The Council on Wage and Price Stability said yesterday 11 major oil companies were not in compliances with the administration's voluntary price standard in the third quarter of last year, overcharging customers by $286.3 million.

Only Mobil Corporation's marketing and refining division was formally charged with non-compliance with the standards. Neither COWPS nor Mobil would say by how much its revenues are supposed to have exceeded allowable levels.

Seven other oil firms have received notices of "probable non-compliance," COWPS director Robert Russell said, while three others likely will get notices soon. These 10 firms were not named by COWPS. The companies other than Mobil are still trying to convince the Council that they are in compliance or trying to get back into coompliance.

A Mobil spokesman denounced the council's action, saying, "All of these findings by COWPS are so tortured and arbitrary that only political motivations could be behind them." They are, he added, "another example of the political nonsense generated in the heat of a presidential campaign."

Russell denied at a press conference that the timing of the charges was related in any way to today's New Hampshire presidential primary. Sen. Edward M. Kennedy (D-Mass.), as part of his campaign for the Democratic presidential nomination, has been sharply critical of the Carter administration for not checking oil company compliance more closely in the wake of reports of record profits in 1979.

In an analysis of reports from the 20 largest oil companies with refinery operations in the United States, and from seven smaller companies with sales of more than $250 million, COWPS concluded that by far the larger share of last year's increases in the price of petroleum products were permitted under the voluntary price standard.

Between the third quarter of 1978 and the same quarter of 1979, COWPS said the price of gasoline at the pump rose from an average of 66.2 cents a gallon to 96.4 cents. The price of home heating oil rose from 51.1 cents to 80.0 cents over the same 12 months.

More than half of the increase was due to higher prices for crude oil. Retailers increased their margins substantially, and there were some tax increases. Refiners increased their margins by 4.5 cents a gallon, COWPS said.

COWPS said all but 0.4 cents a gallon of the increase in refiner margins was legitimate under its rules. Even that estimate of non-compliance by refiners as a group might be too high, the council cautioned.

It obtained that figure by extrapolating the results of its check of the 27 oil companies to all oil refiners. COWPS said it might be too high because some of the 27 firms were selected because there were indications they were not in compliance, which would bias the calculations. In addition, no adjustment was made for firms that were charging less than the maximum allowable prices, it said.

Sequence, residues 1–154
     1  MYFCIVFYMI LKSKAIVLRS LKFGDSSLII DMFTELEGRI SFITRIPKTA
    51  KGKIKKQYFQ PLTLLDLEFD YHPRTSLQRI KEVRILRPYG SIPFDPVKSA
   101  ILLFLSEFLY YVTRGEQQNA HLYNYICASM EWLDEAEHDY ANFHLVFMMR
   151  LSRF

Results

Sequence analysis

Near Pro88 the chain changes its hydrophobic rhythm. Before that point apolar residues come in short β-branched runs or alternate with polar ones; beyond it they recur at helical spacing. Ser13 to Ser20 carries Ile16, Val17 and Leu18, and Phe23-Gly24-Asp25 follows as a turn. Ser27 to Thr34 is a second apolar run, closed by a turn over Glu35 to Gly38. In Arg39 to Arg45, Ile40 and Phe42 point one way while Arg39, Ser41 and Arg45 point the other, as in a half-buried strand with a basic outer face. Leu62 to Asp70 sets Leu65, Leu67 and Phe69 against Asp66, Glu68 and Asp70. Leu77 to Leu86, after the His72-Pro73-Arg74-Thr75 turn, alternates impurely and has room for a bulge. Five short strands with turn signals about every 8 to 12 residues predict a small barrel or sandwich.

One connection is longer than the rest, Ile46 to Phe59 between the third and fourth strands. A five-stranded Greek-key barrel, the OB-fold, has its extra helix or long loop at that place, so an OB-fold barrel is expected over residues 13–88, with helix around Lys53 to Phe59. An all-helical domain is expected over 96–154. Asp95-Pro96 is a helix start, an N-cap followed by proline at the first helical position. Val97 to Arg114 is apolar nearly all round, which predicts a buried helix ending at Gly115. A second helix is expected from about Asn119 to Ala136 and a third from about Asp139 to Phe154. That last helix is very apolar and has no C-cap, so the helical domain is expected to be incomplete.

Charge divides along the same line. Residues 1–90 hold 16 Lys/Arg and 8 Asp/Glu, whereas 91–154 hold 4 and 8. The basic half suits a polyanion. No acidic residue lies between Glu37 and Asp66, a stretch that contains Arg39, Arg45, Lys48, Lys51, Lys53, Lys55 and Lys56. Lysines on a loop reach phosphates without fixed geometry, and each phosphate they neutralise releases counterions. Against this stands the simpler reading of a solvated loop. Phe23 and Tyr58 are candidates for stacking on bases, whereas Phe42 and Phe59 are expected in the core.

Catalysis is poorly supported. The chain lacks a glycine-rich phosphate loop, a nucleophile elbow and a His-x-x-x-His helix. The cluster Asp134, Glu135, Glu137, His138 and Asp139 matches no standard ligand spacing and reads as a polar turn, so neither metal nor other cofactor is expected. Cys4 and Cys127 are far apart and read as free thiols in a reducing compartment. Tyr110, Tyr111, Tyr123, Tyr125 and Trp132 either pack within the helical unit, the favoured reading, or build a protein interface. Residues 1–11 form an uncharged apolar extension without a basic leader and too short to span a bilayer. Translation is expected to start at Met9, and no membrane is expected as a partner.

COWPS also said that the big rise in oil company profits last year came mainly from production of crude oil

Again citing no evidence, COWPS also questioned whether oil companies with oil-producing subsidiaries abroad properly price that oil when it is sold to a refining subsidiary. By inflating such transfer prices, higher profits could be made on the crude oil and higher selling prices could be justified where product prices are subject to controls.

Mobil argued that COWPS regulations permit compliance on an annual basis rather than requiring it quarter by quarter. Judged on an annual basis from third quarter to third quarter -- the first "program year" of the voluntary wage and price standards - COWPS agreed with Mobil's contention that it was in compliance.

But COWPS rejected the annual basis, saying it had given "repeated advice to petroleum companiess throughout the first program year that the refiners' standard contains a quarterly limitation."

"The oil industry is subject to wild cost fluctuations and retroactive cost increases as well as the need to build seasonal inventories," the Mobil spokesman said. "If COWPS is serious in pursuing this interpretation, the oil industry will find it impossible to comply both with Department of Energy requirements to build inventories and the COWPS 'voluntary' guidelines."

Mobil maintained that part of its problem stemmed from buying very high-cost gasoline on the spot market in the April-June quarter last year to enable it to refine more home heating oil to meet the governments' inventory target for the fall. Its profits rose in the following quarter when it began to sell the heating oil, whereas some of the real cost of producing it had incurred the previous quarter.

Another dispute between COWPS and Mobil concerned the highly complex accounting treatment of inventory costs and profits. Mobil normally makes a final calculation of its costs at the end of its accounting year, which is the same as a calender year, once the actual change in inventories and costs is known. If Mobil were allowed to make that usual year-end adjustment for COWPS' first program year, the company would have been in compliance in the third quarter of 1979, COWPS agreed.

COWPS refused to allow such a calculation, however, on the grounds such as a special procedure must get council approval "before pricing actions are predicted upon them."

Even without the inventory adjustment, a Mobil official said the company's revenues in COWPS' first program year was $35 million less than they could have been if the company had raised its prices the limit each quarter.